A wiki would allow for the learning to be fluid and developmental. Let's say the curriculum development group posted the original unit on a wiki. Mr. Jones might find it, see a place for his video project, and add it right in, including a link to the videos that his students created to serve as exemplars for other teachers. Mrs. Smith then adds the writing outcome and modifies the assessment, but when she actually goes through the unit she understands that the writing outcome is not appropriate. She can then, using the wiki function of saving versions, replace the assessment with the old one. Ms. Washington then accesses the unit on the wiki, tries it out, but has a difficult time getting through the video project. Using the discussion widget, she can begin an online discussion with her colleagues about how she could modify the video project for her students, getting ideas - learning - from her colleagues. She could even upload a video of herself teaching the lesson to get more explicit coaching about certain portions of the delivery.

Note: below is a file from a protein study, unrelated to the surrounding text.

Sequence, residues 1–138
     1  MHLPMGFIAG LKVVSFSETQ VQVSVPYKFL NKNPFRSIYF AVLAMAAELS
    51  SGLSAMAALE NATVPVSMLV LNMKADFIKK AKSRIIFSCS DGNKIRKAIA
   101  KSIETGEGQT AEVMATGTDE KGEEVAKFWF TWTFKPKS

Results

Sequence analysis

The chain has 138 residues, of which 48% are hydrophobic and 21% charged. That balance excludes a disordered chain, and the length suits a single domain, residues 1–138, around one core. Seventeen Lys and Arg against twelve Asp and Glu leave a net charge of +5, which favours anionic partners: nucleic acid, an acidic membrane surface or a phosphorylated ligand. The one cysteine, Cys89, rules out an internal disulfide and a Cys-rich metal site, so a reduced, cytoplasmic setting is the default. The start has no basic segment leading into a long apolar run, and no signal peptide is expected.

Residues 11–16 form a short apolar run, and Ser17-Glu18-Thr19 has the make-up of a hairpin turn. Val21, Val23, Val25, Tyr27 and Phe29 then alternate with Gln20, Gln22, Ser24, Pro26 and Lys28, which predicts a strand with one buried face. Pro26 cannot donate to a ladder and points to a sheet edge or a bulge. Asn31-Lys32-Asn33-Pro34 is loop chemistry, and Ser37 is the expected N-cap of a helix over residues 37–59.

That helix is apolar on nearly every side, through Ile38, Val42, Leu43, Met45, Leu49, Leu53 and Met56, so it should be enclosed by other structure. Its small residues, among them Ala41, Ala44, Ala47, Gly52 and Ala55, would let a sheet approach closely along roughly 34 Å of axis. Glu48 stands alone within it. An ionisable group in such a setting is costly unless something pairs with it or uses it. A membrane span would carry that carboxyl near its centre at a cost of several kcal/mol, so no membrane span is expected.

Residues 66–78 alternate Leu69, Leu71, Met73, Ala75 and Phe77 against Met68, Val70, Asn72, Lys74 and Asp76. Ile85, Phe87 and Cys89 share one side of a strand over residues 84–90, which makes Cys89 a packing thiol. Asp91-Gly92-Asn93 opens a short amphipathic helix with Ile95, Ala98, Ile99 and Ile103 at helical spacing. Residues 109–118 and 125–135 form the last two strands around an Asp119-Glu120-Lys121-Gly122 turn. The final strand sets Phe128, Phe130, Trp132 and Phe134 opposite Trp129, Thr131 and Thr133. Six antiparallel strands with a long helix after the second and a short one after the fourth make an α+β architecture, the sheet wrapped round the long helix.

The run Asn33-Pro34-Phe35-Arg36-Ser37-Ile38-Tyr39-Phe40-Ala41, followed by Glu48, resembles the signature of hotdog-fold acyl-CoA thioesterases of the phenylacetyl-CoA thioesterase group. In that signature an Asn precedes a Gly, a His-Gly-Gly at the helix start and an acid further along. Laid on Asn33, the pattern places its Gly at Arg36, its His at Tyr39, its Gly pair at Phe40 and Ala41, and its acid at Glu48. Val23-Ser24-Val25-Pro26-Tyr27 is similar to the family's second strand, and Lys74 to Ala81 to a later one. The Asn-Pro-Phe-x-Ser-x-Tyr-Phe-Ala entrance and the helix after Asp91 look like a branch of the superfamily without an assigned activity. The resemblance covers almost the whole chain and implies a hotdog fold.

Learning Need 3: Administrators and teacher leaders need to help facilitate and moderate so that the learning and sharing is appropriate and moving in the direction laid out by the District Office


As with physical collaboration, the wiki-based collaboration would have to be monitored, prompted and guided by both teacher leaders and administrators at the site and district level. In the scenario above, maybe a teacher leaders could have pointed out to Mrs. Smith before she added the writing outcome into the unit that it wasn't a good idea. Likewise, district and site administrators usually ensure that they support all teachers learning by planning professional development opportunities that ensure all participate.